This is an example of the second toe hammertoe. This is one of the ligaments at the bottom of the metatarsal phalangeal joint that start to stretch and eventually rupture—the goal of the second toe. Taping is to hold the toe in place and keep it from dislocating up. This acts almost like a cast that keeps the toe in place as the ligaments can heal.

Plantar Plate Tear Symptoms:

The most common plantar plate tear symptoms include:

  • Pain to the bottom of the second toe joint. Although it can affect the other toes, it is rarer.
  • With a severe tear, the second toe can start to cross over the big toe joint.
  • It is worse with increased activity.
  • It is worse with being barefoot.
  • It can hurt in the morning.
  • A dull ache.
  • The toe can feel like it is changing positions.

Plantar Plate Tear Grades:

Plantar plate tear grades are list 1-4 based on the degree of tearing:

Grade 0 is the least severe, with no tearing. This is considered a plantar plate injury where the fibers are stretched but not torn.

Grade 1 is less than 50% of the ligament being torn. This means that the toe is more mobile but not shifting or dislocated.

Grade 2 is more than 50% of the ligament being torn. This may result in more instability of the toe.

Grade 3 is a torn plantar plate ligament extending to over 50% of the ligament and the collateral ligaments. The collateral ligaments are on the sides of the second toe. This may result in the dislocation of the toe.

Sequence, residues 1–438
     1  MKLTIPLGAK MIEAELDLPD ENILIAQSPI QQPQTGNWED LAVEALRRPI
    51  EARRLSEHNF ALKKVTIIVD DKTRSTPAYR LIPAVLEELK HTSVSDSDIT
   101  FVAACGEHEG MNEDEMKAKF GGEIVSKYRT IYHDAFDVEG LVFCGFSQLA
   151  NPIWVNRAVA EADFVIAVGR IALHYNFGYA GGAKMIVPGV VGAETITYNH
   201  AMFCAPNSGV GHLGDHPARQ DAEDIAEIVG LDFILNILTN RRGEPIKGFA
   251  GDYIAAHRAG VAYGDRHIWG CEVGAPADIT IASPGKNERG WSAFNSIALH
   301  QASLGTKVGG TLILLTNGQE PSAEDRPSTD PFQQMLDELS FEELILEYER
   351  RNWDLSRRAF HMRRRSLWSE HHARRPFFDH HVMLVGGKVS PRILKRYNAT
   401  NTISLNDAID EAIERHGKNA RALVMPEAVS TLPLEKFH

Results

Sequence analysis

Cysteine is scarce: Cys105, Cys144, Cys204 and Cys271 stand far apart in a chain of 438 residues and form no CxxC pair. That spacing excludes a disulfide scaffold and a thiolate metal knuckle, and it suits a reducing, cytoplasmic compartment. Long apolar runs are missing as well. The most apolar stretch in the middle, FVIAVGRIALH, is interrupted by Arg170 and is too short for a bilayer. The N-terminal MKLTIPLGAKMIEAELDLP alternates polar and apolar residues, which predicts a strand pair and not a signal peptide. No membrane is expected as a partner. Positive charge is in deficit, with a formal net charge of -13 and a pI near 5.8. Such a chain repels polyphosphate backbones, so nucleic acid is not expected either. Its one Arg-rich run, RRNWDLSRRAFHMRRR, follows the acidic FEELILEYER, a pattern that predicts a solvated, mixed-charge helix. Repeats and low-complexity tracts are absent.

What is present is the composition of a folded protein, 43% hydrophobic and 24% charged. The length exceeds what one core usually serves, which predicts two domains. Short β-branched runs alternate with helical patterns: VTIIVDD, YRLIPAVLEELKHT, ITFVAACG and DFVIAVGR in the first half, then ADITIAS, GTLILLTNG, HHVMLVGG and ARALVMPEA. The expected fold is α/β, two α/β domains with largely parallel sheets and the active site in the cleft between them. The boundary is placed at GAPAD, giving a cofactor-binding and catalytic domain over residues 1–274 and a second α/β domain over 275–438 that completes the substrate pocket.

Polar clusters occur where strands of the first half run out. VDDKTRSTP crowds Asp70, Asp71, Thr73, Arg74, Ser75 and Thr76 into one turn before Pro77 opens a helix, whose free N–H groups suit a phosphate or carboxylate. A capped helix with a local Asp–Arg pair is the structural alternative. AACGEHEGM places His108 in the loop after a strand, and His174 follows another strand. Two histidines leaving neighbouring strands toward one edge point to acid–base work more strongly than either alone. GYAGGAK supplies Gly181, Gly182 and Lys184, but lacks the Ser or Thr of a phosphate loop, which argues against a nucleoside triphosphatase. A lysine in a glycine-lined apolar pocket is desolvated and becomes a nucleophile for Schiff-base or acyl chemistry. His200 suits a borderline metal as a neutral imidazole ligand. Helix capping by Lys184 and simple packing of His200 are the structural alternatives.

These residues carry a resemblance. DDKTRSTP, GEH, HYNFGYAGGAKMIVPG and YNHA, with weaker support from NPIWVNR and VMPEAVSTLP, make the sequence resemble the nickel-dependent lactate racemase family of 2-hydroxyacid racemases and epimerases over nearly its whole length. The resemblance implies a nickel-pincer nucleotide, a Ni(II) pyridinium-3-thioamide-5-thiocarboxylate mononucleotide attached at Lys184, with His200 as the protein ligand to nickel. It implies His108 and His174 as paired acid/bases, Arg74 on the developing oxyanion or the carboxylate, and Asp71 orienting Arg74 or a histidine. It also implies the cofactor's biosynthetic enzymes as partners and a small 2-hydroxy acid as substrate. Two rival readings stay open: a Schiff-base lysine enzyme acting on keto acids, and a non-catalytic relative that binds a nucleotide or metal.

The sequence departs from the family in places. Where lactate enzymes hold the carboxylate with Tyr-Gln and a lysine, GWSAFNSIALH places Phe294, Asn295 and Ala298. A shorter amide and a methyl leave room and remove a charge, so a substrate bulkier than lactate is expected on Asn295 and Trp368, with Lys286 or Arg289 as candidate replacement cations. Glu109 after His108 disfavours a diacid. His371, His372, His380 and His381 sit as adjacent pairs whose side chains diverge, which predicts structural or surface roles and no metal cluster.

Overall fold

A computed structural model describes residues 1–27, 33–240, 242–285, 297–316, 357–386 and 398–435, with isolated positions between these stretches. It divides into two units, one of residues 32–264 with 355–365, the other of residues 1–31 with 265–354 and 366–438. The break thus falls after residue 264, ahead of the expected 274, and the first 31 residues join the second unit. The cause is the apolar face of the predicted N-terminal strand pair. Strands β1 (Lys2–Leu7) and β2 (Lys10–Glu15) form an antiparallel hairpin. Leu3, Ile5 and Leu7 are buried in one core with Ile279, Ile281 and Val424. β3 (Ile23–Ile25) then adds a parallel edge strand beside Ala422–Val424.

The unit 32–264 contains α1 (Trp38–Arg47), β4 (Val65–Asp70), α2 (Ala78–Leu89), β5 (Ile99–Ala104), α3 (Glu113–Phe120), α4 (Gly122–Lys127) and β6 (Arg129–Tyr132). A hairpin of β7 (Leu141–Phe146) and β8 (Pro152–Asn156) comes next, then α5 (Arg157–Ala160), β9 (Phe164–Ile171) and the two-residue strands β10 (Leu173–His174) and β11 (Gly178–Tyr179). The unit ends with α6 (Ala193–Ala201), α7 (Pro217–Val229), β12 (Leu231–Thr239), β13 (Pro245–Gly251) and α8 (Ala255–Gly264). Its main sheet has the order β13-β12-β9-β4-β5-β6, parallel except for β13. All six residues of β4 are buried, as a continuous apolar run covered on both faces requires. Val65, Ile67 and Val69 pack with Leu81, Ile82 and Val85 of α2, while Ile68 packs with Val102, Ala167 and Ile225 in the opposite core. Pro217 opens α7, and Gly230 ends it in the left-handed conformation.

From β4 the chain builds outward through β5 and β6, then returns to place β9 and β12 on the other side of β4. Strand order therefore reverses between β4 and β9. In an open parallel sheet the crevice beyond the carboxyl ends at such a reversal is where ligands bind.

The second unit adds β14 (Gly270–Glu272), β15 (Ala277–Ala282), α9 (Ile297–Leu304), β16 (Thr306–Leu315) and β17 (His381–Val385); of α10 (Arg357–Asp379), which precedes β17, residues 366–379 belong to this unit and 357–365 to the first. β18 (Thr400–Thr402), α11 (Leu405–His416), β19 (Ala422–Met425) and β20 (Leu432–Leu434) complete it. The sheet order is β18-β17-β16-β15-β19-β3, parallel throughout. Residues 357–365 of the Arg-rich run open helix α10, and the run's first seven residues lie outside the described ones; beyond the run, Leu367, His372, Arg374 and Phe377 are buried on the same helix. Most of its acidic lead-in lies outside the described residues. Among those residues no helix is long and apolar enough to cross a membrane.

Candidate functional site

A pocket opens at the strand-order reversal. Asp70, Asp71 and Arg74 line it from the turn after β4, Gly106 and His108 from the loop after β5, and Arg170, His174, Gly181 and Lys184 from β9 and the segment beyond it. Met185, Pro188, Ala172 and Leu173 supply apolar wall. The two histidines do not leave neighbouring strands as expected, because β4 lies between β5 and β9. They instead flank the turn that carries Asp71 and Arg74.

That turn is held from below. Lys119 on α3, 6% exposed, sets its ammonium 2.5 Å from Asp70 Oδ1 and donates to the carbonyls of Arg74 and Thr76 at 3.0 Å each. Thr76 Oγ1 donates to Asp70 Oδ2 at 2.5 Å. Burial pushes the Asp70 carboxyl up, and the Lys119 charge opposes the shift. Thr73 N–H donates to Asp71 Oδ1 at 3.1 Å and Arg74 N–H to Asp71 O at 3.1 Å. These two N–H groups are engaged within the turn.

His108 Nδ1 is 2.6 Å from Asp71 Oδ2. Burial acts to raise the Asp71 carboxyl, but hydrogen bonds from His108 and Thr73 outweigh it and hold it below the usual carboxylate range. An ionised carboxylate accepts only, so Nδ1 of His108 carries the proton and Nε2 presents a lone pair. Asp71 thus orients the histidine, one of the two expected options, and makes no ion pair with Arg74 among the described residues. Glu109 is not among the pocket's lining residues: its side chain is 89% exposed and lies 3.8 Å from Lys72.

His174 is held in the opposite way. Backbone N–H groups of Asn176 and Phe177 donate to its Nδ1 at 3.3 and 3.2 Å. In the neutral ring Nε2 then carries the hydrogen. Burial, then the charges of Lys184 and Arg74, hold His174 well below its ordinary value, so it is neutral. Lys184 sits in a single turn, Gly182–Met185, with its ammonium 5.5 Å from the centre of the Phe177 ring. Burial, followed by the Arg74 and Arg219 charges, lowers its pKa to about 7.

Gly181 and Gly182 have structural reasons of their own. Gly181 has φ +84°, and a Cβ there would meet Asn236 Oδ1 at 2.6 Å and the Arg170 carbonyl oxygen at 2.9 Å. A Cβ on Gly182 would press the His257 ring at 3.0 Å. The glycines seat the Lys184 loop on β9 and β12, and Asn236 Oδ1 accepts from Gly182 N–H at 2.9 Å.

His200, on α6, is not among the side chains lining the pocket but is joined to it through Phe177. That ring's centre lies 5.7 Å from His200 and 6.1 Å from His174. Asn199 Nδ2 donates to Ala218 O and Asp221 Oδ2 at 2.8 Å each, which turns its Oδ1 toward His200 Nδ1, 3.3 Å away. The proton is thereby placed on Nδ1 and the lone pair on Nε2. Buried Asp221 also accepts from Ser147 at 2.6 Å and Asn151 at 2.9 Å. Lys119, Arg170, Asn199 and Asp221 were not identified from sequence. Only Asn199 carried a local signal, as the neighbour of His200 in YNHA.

Grade 4 is a torn plantar plate ligament with hole formation in the ligament. This is a plantar plate rupture. This can result in dislocation of the second toe joint. As a result, this can cause the second toe to cross over the big toe joint.

For more on grades and variables: Link to Study.

How Does One Get a Torn Plantar Plate:

A torn plantar plate can occur as an injury or repeated overload stress.

  • A torn plantar plate can be an acute injury or a chronic injury.
  • An acute injury happens with one accident, whereas chronic injury slowly develops over time with repetitive use.
  • Most plantar plate injuries are chronic over time.
2nd toe pain (second toe) capsulitis home treatment
Second toe pain capsulitis is caused by irritation to the flexor tendons and the plantar plate to the second toe. This can also be known as a pre-dislocation syndrome. As this gets worse, the ligaments holding the toe together to the foot can tear, and this can cause hammertoes and crossover toes.